When you are trying to decrease your spending and increase savings, the piece of advice is always to start a budget. The problem with that? The advice can’t stop there. Budgets can be daunting, hard to maintain, and unrealistic. Similar to starting a new diet plan, if you don’t work to change your habits slowly it is very difficult to maintain the new lifestyle.
Reasons Budgets Fail
1. Unrealistic at the starting gate
You reviewed your spending and see that you spent $1,000 last month eating out. The common first thought would be “Wow, that’s an easy place to cut back. I’ll just meal plan and bring lunch to work. Let’s cut that to $200 a month.”
Take a step back first.
Your lifestyle grew to the point where many daily habits added up to eating out regularly. Maybe you struggle to find time at night to cook and you don’t want to even think about meal planning, you just want the easy answer to relax. Slashing eating out drastically will have a large impact on your daily life which is most likely not sustainable.
The answer would be instead to make the $200 a distant goal in 8 months. Each month, decrease the budget for eating out $100. This is a much smaller bite and will allow you to gradually grow new habits. You can start by making one meal at home a week with enough to bring leftovers the next day – 2 meals done right there. Multiply that by 4 weeks in a month and you have saved eating out 8 times with only having to cook once a week.
By gradually easing into a new habit it’ll become easier and easier versus immediately forcing yourself to bring lunch to work daily and becoming a meal planning fiend for every meal.
2. Not budgeting for surprises
It is super easy to take a look at only consistent spending habits for shopping, dining, and entertainment and make small adjustments here and there to save. Maybe you saved $200 last month not shopping as much and eating in.
Congratulations! That’s an accomplishment!
The next day, however, SURPRISE!
Your car needs a new transmission.
This is certainly more than the $200 you just saved and it is an unavoidable cost. When you create a budget, don’t forget to plan for emergencies. You can budget down to the penny for housing and living costs and be religious about following it but I can promise you something that you cannot foresee will come up. Remember when you budget to include money set aside for those surprises.
3. Not consistently reviewing progress
You may think you are cutting back on spending by choosing not to get that coffee one morning or skipping happy hour. But unless you are familiar with your current spending and regularly tracking it, you may be surprised at what little progress is being made.
The easiest way to fail is to dive in head first and try to pull a 180 on spending habits you have always had. If you make a plan with the following incremental steps and give each step time to form a new habit, you will be on a path to success.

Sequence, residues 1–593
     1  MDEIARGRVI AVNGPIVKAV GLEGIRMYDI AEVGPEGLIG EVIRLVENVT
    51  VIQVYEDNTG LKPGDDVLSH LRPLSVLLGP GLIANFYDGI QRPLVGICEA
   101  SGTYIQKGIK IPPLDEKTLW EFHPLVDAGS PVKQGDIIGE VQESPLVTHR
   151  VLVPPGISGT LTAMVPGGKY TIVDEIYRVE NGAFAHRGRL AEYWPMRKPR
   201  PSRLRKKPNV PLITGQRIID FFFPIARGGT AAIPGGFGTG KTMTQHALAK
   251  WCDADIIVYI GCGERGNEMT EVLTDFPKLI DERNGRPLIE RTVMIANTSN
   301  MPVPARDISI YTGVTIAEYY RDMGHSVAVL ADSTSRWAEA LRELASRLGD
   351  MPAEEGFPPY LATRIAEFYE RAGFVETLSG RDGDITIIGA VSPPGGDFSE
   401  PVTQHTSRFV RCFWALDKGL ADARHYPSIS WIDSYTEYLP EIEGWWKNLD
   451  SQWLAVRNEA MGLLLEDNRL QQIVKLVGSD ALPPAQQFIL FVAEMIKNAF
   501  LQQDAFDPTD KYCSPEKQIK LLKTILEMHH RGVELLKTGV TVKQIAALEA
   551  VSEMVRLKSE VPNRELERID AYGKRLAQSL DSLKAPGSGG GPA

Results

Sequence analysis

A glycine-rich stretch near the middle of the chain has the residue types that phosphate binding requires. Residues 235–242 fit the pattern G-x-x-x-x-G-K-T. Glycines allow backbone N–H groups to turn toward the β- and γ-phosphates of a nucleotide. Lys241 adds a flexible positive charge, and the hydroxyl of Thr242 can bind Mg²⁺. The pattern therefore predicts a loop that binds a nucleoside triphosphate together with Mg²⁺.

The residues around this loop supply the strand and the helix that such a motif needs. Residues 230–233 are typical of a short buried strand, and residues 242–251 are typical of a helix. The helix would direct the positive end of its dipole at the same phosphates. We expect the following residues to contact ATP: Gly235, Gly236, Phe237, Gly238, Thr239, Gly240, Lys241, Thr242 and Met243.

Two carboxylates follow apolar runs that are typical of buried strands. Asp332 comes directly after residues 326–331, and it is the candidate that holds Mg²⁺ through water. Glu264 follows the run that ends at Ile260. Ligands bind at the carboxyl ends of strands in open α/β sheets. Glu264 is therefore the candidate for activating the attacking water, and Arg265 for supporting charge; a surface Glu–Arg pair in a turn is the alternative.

Change your mindset, change the outcome.
How to Successfully Use a Budget
1. Use a budgeting program
To prevent problem 3 above of not knowing the spending amounts, find a program that works for you. Mint was the first app I used and connects to all your accounts (bank, credit cards, loans, mortgages, etc) and will track all your spending in categories for free. You Need A Budget (YNAB) is another similar app to this, though I have not personally used it. Currently, I use Personal Capital. The charts and analyses are a bit more in depth but the spending categories are more limited, whereas in Mint you can add your own.
This is the first step to really become familiar with where you are spending heavily and start to review where you can cut back.
2. Make it a game
I have found that simply slashing numbers is not typically effective for people. When I really started concentrating on cutting back my spending I actually didn’t create a budget with specific amounts I was allowed to spend. If I got the urge to go to Target, I would challenge myself to see how many days in a row I could go without spending anything (bills excluded). I wouldn’t buy that coffee or stop at Target “just to browse”.
I wanted to compete with myself to see how many days in a row I did not spend a penny. I made it a game with myself to compete against.
3. Ask yourself these questions
Do you really need it?
Do you already own two pairs of sneakers? Do you need a third? Or are your old sneakers destroyed and you truly need a new pair to replace them?
Wait a week, are you still thinking about that item?
Oftentimes you will have forgotten about in, in which case, did you actually want it that bad?
Do you already own something similar that does the same job?
Yes, that bracelet is adorable. But you own 10 other ones. What sets this one apart? Probably not much.
How long will the novelty of the new purchase last?
The new iPhone. $1000 for an exciting new toy to play with for the afternoon and next few days. Two weeks later, are the differences from your prior iPhone worth $1000 or did you just pay for the excitement of having the newest gadget?
Are you being tempted by a sale?
“But these shirts are buy two get one free, I know I’m over the $300 but it’s a great deal.” WRONG. Do you really truly NEED three new shirts? Do you have nothing similar in the closet? Avoid being tempted by deals. Unless it was something you actually needed, sales are not deals. Even if you budgeted for $300 for shopping this month, it is common to talk yourself out of it internally and rationalize the spending. You are still spending money you do not need to spend and getting tricked into spending more just to get the deal.